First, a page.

In September, the shelter provided 28 children with emergency shelter, compared to 17 in the same period the year before. The shelter took in 73 children from July through September, compared to 44 in the same period a year ago.

Nearby, at the 23-bed Rose Women and Childrens Emergency Shelter run by the Redwood Gospel Mission, a new family room is being added in response to the fact that there are more women with children in need of shelter, said Jeff Gilman, director of the mission.

"We've had as high as 20 kids and as low as zero," Gilman said, "but it's been pretty typical that we have between one and five kids staying with us at any given time over the last several months."

On Friday in Petaluma, there were 19 children staying at an emergency family shelter operated by the Committee on the Homeless, or COTS. Last Halloween, there were 21.

The shelter, which has 35 rooms for families who can stay for a maximum of 50 days, is generally full, said COTS executive director John Records.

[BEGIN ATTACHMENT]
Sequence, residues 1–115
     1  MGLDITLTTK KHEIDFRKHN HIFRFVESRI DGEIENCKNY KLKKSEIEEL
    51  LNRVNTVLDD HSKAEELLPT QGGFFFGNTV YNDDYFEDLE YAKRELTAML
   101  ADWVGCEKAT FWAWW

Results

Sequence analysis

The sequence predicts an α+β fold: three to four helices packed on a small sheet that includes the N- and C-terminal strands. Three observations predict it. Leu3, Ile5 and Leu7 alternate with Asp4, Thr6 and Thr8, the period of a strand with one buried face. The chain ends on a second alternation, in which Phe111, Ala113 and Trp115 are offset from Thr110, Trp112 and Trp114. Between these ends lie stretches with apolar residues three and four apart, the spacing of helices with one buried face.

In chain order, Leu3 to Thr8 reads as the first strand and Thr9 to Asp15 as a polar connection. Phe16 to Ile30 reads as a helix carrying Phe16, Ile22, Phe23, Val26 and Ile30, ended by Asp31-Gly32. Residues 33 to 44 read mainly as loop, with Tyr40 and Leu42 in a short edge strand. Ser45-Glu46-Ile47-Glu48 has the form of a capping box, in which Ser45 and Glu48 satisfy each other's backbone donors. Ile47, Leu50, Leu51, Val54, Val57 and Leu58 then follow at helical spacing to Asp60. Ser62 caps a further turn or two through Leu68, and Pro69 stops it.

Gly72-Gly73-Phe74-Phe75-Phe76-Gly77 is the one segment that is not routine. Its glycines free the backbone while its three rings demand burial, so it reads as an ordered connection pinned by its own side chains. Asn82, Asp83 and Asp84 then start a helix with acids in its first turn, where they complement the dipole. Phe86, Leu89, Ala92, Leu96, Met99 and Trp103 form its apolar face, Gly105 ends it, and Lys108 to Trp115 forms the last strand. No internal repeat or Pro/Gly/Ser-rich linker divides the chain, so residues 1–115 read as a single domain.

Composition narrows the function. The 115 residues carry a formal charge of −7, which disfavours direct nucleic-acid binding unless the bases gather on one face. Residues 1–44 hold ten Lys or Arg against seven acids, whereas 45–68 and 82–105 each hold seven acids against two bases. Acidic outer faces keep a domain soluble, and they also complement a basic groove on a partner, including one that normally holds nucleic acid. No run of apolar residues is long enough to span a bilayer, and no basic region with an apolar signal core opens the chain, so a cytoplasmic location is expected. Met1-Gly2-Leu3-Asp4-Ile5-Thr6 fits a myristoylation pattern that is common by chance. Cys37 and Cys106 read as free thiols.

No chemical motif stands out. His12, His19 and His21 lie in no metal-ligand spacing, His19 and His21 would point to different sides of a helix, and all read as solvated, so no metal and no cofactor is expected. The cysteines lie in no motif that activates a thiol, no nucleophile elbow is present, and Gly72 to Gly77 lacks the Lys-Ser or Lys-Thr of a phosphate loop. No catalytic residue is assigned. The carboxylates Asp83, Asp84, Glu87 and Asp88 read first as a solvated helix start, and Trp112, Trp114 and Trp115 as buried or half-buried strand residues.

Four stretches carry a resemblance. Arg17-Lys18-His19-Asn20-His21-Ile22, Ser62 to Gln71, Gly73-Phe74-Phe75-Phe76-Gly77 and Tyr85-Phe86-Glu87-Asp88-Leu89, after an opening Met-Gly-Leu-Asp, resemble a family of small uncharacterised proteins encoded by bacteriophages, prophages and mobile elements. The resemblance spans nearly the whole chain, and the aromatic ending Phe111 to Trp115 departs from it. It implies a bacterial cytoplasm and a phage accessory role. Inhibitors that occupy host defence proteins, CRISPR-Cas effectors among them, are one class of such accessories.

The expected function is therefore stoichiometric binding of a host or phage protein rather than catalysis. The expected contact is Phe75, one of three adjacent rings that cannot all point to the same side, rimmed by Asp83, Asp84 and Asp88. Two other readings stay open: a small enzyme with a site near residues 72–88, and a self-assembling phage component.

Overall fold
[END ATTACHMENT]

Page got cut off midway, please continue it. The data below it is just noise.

He said the waiting list has grown longer, with 12 families with children waiting for spaces this week, compared to 10 at the same time last year.

And at other Catholic Charities' programs serving homeless people -- a drop-in service center, the Brookwood Center and the Russell Avenue Shelter -- 140 additional children were registered in the three months ending in September. That's about the same as during the same period last year.

At the Family Support Center, caseworker Carol Kempton said some of the shelter's parents lack stable credit, clean rental histories, savings, financial planning skills or stable employment.

Some parents, many of whom are single mothers, have struggled with addiction or turbulent relationships.

Many are part of a cycle of homelessness that spreads from one generation to the next.

Kempton said just one or a combination of these factors might be enough to bring a family into the shelter.

"We do our best to give them routine," she said. "It puts structure into some kind of dysfunction."

Studies show that children of homeless families are more likely to be exposed to violent events, academic disruption and emotional, physical and behavioral issues.